Indigenous artist tells her story through smell at Art Gallery of Alberta

by | Nov 4, 2022 | Arts & Life

Artist Rolande Souliere is now displaying her new scented art, called The Four Directions of Movement, at the Art Gallery of Alberta. Four Directions uses smell to tell her story as an Indigenous girl and a follower of the Nishnawbe philosophy, which connects the four cardinal directions (north, south, west and east) to the medicine, womb and sacred medicines.

Vases and objects are arranged in a circle to represent the four directions of a compass. Photo by Angela Kazmierczak

“Within it’s kind of complex, so I’m kind of abstracting it in a way but infusing an initial [Thunder] Bay worldview that sits in the medicine wheel and in the directions,” said Souliere. The Thunder Bay worldview is in reference to the Nishnawbe Aski Nation, located in the Treaty 5 and 9 areas of northern Ontario. 

Drawing from this ideology, the artist explains that the sacred medicines—cedar, tobacco, sweetgrass and sage—make the base of the perfumes. These sacred medicines also sit within a direction of the compass. To represent these medicines artistically, the artist arranged objects and glass vases in a circle on the floor, with the north direction representing sweet grass, the west pointing to cedar, the south symbolizing sage and the east signifying tobacco. 

“Animals are [also] associated with it, but not the animal per se, but the personality traits observed by you know, First Nation,” she said. For example, the characteristics of a deer are gentle, observant and kind so they land within the north direction with sweetgrass. Many First Nations people believe animals represent various stories, personalities, values and stories throughout history.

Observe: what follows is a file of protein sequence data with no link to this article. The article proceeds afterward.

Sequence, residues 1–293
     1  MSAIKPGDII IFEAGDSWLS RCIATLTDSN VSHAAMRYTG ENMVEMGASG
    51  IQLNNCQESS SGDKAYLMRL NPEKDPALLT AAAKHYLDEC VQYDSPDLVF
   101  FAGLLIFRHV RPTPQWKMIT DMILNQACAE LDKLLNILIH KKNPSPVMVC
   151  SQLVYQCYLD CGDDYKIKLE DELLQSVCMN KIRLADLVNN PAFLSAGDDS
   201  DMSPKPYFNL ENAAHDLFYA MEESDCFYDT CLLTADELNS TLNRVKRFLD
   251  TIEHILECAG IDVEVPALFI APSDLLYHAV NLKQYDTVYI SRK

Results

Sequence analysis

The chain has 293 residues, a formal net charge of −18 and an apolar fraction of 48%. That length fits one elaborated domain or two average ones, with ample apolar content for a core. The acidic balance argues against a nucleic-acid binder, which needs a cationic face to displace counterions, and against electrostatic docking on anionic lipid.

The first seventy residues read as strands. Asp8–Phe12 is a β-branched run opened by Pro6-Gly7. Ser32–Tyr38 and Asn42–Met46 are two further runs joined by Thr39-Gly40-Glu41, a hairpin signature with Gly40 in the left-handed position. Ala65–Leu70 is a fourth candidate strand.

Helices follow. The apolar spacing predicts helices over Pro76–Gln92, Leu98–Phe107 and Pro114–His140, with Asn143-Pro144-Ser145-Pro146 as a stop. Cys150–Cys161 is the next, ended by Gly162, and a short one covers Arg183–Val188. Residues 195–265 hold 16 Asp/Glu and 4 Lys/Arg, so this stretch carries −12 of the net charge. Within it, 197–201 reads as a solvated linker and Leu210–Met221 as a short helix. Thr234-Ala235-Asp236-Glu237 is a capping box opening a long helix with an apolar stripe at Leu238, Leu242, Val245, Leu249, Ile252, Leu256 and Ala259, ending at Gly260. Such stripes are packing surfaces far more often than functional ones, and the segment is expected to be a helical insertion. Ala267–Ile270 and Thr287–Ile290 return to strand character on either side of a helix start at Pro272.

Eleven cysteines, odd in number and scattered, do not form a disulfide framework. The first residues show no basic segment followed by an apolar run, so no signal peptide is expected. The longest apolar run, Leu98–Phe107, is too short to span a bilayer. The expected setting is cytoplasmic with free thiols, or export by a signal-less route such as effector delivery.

The fragrances Souliere and her perfumer made together. Photo by Angela Kazmierczak.

For Souliere to find the smells, the images to display on rolodexes and how to infuse them necessitated trial and error and loads of research. First, the process required her and a perfumer working together for eight months, recreating the impressing scents from her childhood. “You know, I would sleep with, not sleep with the tobacco, but like I would have the tobacco perfume beside me. So when I wake up in the morning, that’s when I’m the freshest,” she said. Over time, she eventually narrowed down the top notes that reminisced of her childhood. 

And as for the images, it required her combing through countless photographs from the 1800s for the perfect nose, a nose that was croppable and could be shrunk. “You know, looking through, trying to find a nice Deschamps’ nose was quite difficult. But when you crop it like the nose disappears. No, it’s really hard or like it becomes abstract or you know it looks like a penis,” said Souliere. In case you’re wondering, she found her nose—in fact, several for the rolodexes.

From the infused exhibition, Souliere hopes attendees “gain knowledge of not only in the Western, and [that] the surrealists use you know cedar oil, which is one of our sacred medicines come to break the hierarchy and move away from bourgeoisie art. But at the same time, know that is a sacred First Nations’ medicine and we’ve always used it at ceremonies,” she said.

As Souliere revealed, she is currently working on several other projects, including a popular culture painting and a Thunderbird installation. If your interest is peaked and would like to experience her childhood via smell, her Four Directions exhibit is on display until December 31st at Edmonton’s Art Gallery of Alberta. Admission for students is free, but a $5 donation is encouraged.

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